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Warriors' path to contention will hinge on their defense

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When five-time All-Star Klay Thompson was ruled out for the season, the Warriors took an immediate dive in the NBA status rankings. When they begin full-squad training camp, scheduled for next Monday, they won’t be championship favorites.

They’re now bunched in the second and third tier of contenders, among eight or nine teams with a reasonable chance at achieving a top-four postseason seed.

Whether the Warriors move up depends on two factors. The first, optimum health, is obvious but largely beyond their control. The second, defense, is mostly a matter of desire, intellect and skill -- in that order -- and coach Steve Kerr believes all three are in place. Indeed, Kerr has set a goal for the Warriors to reclaim a place among the league’s top 10 defenses.

“We have potential to be an excellent defensive team,” Kerr said Tuesday. “That will be our challenge. I'll challenge the guys from Day 1 that we want to be a top-10 defensive team. Training camp will largely be centered around our defense.”

The team Kerr inherited from Mark Jackson in 2014 was a top-10 defensive team, finishing third in defensive rating in 2013-14. Kerr and his defensive coordinator, veteran assistant Ron Adams, raised the Warriors to No. 1 in their 2014-15 championship season.

The Warriors ranked sixth in 2015-16 and second in 2016-17. They were living in the top 10 before sliding to 11th in each of the next two seasons and tumbling all the way to 26th 2019-20.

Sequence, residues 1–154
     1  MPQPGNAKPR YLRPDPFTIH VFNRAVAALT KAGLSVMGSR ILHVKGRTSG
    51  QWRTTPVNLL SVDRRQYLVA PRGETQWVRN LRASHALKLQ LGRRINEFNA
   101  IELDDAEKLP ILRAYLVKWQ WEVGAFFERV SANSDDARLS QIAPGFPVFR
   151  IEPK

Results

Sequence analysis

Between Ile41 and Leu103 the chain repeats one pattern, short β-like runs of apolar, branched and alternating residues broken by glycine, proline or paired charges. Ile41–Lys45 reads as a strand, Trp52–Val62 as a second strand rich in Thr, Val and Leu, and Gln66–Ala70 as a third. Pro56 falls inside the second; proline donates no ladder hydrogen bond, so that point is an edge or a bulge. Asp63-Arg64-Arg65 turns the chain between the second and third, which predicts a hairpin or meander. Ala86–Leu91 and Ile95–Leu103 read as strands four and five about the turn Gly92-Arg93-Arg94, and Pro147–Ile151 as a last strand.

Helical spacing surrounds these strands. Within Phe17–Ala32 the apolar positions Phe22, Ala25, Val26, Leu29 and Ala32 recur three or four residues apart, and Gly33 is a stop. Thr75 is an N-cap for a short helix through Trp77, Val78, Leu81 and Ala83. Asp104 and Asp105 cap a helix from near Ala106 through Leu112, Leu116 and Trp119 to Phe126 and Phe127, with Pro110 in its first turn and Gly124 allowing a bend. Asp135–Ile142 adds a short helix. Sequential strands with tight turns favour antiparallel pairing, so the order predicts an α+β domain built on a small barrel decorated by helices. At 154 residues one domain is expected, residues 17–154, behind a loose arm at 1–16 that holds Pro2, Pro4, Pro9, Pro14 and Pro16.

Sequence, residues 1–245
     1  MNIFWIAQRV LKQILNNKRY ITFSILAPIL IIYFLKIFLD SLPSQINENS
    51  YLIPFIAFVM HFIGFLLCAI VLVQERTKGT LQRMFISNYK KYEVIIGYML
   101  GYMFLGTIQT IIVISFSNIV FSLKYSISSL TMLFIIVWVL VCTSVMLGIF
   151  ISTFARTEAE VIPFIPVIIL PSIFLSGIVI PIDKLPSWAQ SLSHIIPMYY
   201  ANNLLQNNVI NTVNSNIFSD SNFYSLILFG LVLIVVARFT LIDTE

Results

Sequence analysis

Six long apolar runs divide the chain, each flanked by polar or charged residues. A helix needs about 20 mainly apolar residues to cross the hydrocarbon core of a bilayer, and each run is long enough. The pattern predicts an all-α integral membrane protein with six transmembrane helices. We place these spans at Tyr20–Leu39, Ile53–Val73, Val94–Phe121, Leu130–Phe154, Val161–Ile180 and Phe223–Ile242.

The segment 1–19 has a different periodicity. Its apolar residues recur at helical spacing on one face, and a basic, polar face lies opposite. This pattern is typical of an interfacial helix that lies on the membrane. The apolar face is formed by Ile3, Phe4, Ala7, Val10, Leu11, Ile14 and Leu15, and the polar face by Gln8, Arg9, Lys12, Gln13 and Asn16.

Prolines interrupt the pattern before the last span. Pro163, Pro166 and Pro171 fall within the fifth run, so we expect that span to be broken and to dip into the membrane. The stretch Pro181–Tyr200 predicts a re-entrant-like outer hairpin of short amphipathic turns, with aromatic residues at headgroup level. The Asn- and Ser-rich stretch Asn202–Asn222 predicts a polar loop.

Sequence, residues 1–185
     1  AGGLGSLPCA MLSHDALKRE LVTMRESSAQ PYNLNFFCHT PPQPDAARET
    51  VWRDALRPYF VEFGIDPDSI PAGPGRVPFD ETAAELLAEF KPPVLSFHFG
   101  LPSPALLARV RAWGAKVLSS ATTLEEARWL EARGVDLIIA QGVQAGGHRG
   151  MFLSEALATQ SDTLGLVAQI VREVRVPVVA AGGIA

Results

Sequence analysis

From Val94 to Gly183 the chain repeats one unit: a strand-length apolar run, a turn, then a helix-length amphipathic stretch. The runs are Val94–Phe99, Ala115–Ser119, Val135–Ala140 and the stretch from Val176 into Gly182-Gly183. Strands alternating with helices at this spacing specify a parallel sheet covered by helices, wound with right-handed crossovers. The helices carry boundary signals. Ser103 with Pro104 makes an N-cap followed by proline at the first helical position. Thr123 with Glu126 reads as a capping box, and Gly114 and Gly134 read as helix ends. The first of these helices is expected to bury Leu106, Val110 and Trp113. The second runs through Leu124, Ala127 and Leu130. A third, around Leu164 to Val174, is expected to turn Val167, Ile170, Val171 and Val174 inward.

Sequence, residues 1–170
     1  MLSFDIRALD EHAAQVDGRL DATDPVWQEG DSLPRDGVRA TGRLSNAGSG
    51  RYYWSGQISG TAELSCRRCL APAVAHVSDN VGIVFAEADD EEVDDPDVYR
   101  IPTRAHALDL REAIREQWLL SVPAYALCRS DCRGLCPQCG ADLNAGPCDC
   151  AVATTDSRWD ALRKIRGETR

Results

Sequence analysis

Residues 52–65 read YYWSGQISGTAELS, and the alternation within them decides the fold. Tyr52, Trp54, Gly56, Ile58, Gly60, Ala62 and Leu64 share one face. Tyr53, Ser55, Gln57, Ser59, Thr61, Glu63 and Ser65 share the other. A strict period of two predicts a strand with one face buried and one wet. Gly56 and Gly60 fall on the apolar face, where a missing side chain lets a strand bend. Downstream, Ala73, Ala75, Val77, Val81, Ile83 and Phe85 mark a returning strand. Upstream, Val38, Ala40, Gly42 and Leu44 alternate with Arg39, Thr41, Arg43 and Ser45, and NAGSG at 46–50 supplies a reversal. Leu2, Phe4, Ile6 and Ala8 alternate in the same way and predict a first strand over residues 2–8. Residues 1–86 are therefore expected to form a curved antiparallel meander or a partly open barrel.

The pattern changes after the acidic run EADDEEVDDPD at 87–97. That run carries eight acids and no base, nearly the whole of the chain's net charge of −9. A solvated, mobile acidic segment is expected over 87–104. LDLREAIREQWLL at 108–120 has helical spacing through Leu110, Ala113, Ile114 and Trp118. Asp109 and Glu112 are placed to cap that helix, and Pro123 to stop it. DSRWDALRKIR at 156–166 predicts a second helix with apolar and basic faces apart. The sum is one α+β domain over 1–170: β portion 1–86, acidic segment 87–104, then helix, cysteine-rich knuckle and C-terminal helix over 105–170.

Defense might not excite a fan base craving a flurry of Steph Curry 3-balls, but it always is the backbone of a legitimate contender.

Draymond Green, a 6-foot-6 power forward who somehow guards centers, is a demon. Curry will need to regain the disruptive powers that allowed him to lead the league in steals in 2015-16. They’ll be joined in the starting lineup by relatively new acquisition Andrew Wiggins and completely new acquisition Kelly Oubre Jr. -- both 6-foot-7 -- at the shooting guard and small forward positions.

Kerr did not commit to naming his starting center, pointing to Kevon Looney’s experience in the system and the massive potential of 7-foot-1 rookie James Wiseman

Green, Wiggins, Oubre, Looney and Wiseman all have wingspans that exceed 7 feet.

“I'm not really into predictions or anything,” Kerr said, “but I do like the concept of what we have, the length and athleticism that we have at every position.”

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With Wiseman, four months from his 20th birthday, it’s pretty simple. If he can pick up on schemes, reads and timing, he’ll get plenty of playing time. If he’s able to switch effectively, too, it’s hard to imagine him not becoming the starter.

Oubre is expected to move into the role temporarily vacated by Thompson, one which will have him chasing elite point guards as well as explosive scorers. He’ll see plenty of Damian Lillard one night, plenty of Devin Booker the next.

“He's got a toughness about him,” Kerr said of Oubre. “He's got the length to be a good defender. He's got the ability on the ball to hound people. I envision us using Kelly quite a bit on the ball. I imagine putting Steph on the ball, as well. Even sliding Andrew onto the point when it calls for it. We can mix and match and have a lot of options defensively. We plan on using those options.”

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When at their best in recent years, the Warriors were ferocious on defense, forcing bad shots or turnovers and turning them into transition offense. That capability should be there once again.

It will have to be there for the Warriors to have a chance to climb back to elite status.

“Offensively we'll figure it out as we go,” Kerr said. “But I've always found if you have a good defensive team, you have your foundation. It's much easier to build from there. If you can't get stops, you're just kind of running around in circles.”